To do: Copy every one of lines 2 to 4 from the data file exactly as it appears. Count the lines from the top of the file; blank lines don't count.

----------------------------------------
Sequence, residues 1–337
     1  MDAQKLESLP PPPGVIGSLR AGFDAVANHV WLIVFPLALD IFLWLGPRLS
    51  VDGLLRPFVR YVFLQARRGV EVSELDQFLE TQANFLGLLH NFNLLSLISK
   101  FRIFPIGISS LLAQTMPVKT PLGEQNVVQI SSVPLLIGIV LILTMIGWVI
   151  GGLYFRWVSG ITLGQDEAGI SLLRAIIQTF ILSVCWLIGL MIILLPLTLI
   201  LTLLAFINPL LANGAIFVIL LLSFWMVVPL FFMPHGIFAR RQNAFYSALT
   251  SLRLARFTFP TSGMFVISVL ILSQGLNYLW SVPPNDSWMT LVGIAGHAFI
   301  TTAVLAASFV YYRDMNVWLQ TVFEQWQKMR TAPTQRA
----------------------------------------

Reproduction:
     1  MDAQKLESLP PPPGVIGSLR AGFDAVANHV WLIVFPLALD IFLWLGPRLS
    51  VDGLLRPFVR YVFLQARRGV EVSELDQFLE TQANFLGLLH NFNLLSLISK
   101  FRIFPIGISS LLAQTMPVKT PLGEQNVVQI SSVPLLIGIV LILTMIGWVI